Governments’ Digital Workplace Engages the Next-Generation Workforce

Attract and retain digital talent

The modern workplace is everywhere—at the office, in the home, at the airport, in the coffee shop around the corner. Today’s employees work on the move and live on the go, blurring the lines between social and work-related technology use. This has killed the 9-to-5 office mentality and transformed the workforce into a 24×7 culture. Employees want to collaborate instantly with colleagues around the corner or anywhere in the world. They want an experience that is automatically customized to their individual needs through an increasingly varied stream of data formats and content.

The workforce requirements are the same in the private and the public sector, and governments are struggling to find and retain skilled and talented employees. Accelerating adoption of digital workplace technology can enable governments to compete with the private sector for workers, improve the satisfaction of their current workforces, provide better tools for employee engagement, and improve their ability to manage and develop their workforces.

There is no “silver bullet” digital workplace strategy, no one-size-fits-all solution that government CIOs can reproduce. But to be successful, it’s necessary to address all different components: vision, strategy, employee engagement, organizational change, process, information, metrics, and technology. Covering all of these areas will make sure that all the organization’s needs are addressed, while addressing the need to engage and motivate the next-generation workforce.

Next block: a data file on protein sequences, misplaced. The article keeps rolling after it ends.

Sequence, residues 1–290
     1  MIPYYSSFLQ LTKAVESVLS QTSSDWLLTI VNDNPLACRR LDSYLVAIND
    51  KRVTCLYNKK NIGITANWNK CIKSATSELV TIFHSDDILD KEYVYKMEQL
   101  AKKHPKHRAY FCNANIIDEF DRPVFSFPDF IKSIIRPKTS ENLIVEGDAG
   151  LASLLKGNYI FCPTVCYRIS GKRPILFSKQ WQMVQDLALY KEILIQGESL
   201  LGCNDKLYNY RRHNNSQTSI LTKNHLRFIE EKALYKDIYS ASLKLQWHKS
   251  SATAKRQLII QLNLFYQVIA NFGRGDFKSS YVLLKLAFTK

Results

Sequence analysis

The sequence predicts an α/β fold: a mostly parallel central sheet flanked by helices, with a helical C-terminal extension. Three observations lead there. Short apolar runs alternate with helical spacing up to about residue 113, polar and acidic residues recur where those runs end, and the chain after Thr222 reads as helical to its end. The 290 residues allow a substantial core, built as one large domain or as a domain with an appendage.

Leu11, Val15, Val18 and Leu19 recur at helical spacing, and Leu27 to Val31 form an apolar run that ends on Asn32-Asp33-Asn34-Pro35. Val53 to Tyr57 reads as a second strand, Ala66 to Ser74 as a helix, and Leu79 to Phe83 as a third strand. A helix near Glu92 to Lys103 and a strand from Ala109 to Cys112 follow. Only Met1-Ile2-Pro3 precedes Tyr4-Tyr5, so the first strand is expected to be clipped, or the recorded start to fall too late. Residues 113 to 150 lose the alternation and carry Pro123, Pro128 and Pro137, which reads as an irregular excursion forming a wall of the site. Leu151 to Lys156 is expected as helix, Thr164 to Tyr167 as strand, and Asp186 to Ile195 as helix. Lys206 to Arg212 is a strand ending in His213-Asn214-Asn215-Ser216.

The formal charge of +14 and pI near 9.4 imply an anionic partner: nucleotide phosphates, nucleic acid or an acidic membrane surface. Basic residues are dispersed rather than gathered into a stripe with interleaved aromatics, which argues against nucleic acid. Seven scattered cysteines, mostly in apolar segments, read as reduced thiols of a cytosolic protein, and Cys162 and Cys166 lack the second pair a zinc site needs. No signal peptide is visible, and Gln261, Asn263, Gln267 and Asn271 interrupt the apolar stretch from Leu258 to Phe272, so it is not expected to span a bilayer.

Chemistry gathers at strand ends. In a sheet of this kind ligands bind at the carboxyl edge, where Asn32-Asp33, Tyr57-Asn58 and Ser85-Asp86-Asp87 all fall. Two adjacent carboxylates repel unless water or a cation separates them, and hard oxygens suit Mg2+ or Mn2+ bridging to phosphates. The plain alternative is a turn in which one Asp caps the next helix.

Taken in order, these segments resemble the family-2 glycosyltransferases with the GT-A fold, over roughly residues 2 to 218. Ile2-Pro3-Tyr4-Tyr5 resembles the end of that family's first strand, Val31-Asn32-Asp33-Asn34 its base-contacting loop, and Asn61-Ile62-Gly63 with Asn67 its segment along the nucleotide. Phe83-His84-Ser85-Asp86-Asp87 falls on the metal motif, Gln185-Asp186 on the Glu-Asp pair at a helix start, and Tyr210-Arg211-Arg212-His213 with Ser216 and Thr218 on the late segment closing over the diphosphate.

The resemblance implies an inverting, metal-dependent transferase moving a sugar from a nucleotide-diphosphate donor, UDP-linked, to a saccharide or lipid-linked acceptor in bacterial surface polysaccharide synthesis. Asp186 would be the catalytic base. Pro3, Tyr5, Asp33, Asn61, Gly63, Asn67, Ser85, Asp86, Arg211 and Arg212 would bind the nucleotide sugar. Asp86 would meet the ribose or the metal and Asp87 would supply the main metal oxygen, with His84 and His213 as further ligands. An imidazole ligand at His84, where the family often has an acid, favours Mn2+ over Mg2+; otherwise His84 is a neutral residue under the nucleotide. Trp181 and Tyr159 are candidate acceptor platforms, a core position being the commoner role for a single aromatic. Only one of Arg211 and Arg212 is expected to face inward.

Knowing what needs to be done and getting it done are two different things, however. It is advised to work with government experts because they understand your business, challenges, and information obstacles.

What a government CIO certainly needs to consider for the digital workplace:

  • Business alignment and vision: Align your workplace vision and strategy, matching business outcomes to various decision points.
  • Strategy and ROI: Start your transformation with a detailed IT strategy and project roadmap. You need to validate assumptions, refine vision and strategy, identify new ways of working, and design business models to build a business case based on predefined return on investment (ROI) models.
  • Assessment and remediation: Capture a full picture of your current environment from an infrastructure, applications, and user experience perspective. Use proven diagnostic tools and assess your current environment to identify areas that need remediation, enabling a business-driven transformation.
  • Transformation planning: Create a comprehensive migration/transformation approach—from planning to execution. Your organization expects rapid deployment, so citizens and users are on-boarded to production quickly and without business interruption.

Find out how DXC Technology can help your government organization transform to a digital workplace: